The Family Decision Making (FDM) circle is a process where extended families gather to plan for their children. Coming together to problem solve in this manner has been happening in the Okanagan since long before contact. The FDM circles have been highly successful in keeping our families unified and strong. Based on our values of collective responsibility, our model treats the wider family network of kin and community as a source of strength and seeks to actively involve them in decision making. As a collective perspective gives rise to a collective responsibility, this is our Indigenous way of caring for and supporting our families. Through this process we ensure connection to ancestral lands, culture and language for our children.
Family Decision Making Youth Justice circle is to serve those youth ages 12-17 that are in the criminal justice system and/or are in gangs or are vulnerable to gang involvement. This includes the youth’s core support group and family members come together to assist the youth to develop their plan of success for their future.
What is Family Decision Making (FDM)?
- A voluntary process that recognizes family strengths and respects the child’s Aboriginal culture and connections with their community.
- The FDM Coordinator is independent of the Band, Friendship Centre and Ministry of Children and Family Development. The Coordinator works with participants to ensure balancing of the circle so that people can come together in a good way. The Coordinator will inform the family of the FDM process, legal processes and other options available to them.
- The role of the family in the FDM circle is to actively participate and plan for their children’s safety, wellness, permanency, culture and any other areas decided by the family to be appropriate and important.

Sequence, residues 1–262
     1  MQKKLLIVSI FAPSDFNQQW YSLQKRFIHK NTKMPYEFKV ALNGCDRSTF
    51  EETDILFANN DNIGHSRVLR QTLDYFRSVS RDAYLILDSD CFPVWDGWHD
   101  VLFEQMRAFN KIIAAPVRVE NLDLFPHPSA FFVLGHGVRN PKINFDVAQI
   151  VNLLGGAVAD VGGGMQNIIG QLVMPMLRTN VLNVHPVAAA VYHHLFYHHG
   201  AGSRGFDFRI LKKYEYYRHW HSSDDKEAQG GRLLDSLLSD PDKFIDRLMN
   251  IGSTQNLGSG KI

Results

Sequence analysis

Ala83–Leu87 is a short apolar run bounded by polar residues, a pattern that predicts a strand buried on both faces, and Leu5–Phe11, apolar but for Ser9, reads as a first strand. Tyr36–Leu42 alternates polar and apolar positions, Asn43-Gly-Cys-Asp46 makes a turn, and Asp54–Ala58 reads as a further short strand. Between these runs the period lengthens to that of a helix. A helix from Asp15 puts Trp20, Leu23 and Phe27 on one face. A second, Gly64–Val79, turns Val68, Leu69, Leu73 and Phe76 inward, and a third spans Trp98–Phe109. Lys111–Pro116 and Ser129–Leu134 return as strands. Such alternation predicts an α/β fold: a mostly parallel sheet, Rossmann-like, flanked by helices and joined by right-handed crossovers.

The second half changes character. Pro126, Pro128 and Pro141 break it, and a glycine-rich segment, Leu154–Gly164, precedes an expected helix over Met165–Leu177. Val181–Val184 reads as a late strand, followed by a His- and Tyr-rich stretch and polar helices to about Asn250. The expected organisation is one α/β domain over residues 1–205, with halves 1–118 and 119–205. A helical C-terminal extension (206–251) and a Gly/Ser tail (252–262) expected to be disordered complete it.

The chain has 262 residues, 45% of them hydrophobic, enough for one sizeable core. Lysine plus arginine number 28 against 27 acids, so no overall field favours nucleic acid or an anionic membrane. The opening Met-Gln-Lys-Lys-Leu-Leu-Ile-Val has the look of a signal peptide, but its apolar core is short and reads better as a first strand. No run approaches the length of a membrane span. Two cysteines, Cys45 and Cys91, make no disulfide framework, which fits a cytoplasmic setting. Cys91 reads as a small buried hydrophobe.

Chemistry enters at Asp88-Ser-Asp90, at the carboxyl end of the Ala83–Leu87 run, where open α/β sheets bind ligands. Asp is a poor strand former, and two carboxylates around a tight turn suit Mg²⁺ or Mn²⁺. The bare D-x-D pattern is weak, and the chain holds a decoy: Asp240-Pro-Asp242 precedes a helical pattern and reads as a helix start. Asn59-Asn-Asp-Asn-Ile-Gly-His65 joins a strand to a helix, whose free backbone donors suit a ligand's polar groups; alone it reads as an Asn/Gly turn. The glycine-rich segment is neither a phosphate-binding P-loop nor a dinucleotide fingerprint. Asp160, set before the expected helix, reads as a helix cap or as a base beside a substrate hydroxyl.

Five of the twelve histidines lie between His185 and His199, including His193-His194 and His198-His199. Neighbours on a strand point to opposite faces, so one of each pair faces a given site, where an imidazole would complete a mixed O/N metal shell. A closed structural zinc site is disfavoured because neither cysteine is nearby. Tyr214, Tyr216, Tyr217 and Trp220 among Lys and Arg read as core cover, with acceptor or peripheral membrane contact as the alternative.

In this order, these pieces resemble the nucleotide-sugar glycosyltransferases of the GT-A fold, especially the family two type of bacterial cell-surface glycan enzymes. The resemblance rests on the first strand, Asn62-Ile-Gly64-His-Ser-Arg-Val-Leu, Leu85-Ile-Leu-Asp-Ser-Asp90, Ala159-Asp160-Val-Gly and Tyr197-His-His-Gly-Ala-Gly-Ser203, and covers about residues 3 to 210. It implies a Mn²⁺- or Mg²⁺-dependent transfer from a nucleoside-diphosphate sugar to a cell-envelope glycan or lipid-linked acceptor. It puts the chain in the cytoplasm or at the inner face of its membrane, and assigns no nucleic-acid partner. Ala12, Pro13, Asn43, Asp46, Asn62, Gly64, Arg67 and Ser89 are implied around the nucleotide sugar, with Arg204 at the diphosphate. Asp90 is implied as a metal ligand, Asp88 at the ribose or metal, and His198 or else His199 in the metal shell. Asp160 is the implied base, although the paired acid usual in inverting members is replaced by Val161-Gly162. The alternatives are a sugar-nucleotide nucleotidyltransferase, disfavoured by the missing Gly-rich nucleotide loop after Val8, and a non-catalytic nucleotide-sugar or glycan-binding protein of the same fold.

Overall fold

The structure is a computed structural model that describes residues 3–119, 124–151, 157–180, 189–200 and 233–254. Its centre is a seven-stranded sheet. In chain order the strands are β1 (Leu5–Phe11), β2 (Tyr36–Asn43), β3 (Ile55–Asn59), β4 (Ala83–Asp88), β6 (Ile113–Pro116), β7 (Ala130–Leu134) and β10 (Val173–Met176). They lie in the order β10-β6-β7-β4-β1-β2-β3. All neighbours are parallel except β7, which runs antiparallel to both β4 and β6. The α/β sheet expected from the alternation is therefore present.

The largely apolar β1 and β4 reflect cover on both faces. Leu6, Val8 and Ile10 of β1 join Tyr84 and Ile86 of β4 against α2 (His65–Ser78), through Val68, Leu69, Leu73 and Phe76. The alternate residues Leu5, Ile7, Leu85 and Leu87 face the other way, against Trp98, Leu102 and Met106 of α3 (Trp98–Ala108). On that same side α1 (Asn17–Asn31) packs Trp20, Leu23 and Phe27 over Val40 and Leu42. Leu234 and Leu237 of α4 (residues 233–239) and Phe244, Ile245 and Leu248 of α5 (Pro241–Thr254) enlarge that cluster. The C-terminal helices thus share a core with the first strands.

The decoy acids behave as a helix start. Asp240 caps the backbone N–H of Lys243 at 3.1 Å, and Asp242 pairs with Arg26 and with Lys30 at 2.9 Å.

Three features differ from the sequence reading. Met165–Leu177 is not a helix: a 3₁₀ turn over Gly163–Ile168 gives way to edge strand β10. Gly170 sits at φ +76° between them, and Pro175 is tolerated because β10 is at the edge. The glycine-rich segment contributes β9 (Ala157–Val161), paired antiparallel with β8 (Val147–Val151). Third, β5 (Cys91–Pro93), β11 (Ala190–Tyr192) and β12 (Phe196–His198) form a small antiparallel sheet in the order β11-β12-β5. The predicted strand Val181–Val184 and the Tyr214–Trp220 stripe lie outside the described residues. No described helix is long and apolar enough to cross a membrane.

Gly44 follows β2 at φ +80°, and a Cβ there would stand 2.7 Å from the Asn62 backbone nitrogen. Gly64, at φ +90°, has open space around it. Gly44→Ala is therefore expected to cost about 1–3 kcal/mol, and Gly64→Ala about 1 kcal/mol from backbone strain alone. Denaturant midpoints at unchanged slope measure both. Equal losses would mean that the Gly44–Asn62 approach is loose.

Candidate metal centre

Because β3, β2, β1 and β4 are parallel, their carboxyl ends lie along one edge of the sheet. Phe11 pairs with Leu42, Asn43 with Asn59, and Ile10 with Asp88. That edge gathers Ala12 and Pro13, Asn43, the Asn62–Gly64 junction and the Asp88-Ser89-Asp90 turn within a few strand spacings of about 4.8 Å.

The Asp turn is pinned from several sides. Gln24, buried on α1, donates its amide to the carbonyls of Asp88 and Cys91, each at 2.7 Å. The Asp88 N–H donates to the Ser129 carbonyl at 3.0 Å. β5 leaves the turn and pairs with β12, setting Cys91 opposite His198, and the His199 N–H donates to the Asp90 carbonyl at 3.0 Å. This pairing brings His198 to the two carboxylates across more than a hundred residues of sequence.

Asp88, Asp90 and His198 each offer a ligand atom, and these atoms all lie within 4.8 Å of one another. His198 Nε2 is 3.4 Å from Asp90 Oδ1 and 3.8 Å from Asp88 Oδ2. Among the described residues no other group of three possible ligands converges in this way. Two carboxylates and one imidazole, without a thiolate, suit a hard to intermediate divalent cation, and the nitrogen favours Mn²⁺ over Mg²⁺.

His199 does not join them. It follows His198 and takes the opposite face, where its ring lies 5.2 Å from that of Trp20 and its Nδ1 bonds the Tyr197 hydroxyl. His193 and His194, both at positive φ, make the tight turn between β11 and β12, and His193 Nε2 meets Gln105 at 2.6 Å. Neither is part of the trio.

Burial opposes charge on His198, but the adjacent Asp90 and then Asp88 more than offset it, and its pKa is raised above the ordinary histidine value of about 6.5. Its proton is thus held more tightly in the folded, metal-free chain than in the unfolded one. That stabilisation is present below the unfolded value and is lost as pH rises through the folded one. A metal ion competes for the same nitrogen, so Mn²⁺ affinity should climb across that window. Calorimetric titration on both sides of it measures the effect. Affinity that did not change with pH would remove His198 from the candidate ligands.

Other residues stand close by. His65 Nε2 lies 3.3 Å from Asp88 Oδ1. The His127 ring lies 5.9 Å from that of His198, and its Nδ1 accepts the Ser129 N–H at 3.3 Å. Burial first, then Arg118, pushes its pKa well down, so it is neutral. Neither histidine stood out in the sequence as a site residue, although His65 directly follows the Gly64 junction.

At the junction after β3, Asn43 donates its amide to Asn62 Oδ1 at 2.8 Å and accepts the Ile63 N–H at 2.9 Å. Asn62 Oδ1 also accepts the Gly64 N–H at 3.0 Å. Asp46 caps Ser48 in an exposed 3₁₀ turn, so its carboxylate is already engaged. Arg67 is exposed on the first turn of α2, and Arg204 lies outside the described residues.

- In situations where there is MCFD involvement, the MCFD’s social workers role is to agree to, as well as support and resource family plans wherever possible.
What are the strengths of FDM?
FDM helps to promote and develop the capacity of Aboriginal families and communities to care for and protect children. FDM often helps to avoid the need for court involvement, ensuring that families have access to resources and services that can help, and build stronger relationship together. FDM respects and understands Indigenous ways of being and knowing.
That the ONA also includes FDM Youth Justice (FDMYJ) that works to help avoid a re-occurrence with the criminal justice system and ensure youth have access to resources and services. This process is designed to empower the youth and the family to discontinue illegal activities and break the cycle of future incarcerations.
How do I get a referral?
There are many ways to be referred to FDM services. We receive self-referrals from families and parents needing additional support, referrals from Band staff, Friendship Centres, MCFD, counselors, schools, and any community service providers working with Aboriginal persons living in the Okanagan territory.
Please contact the FDM team lead for a referral package today!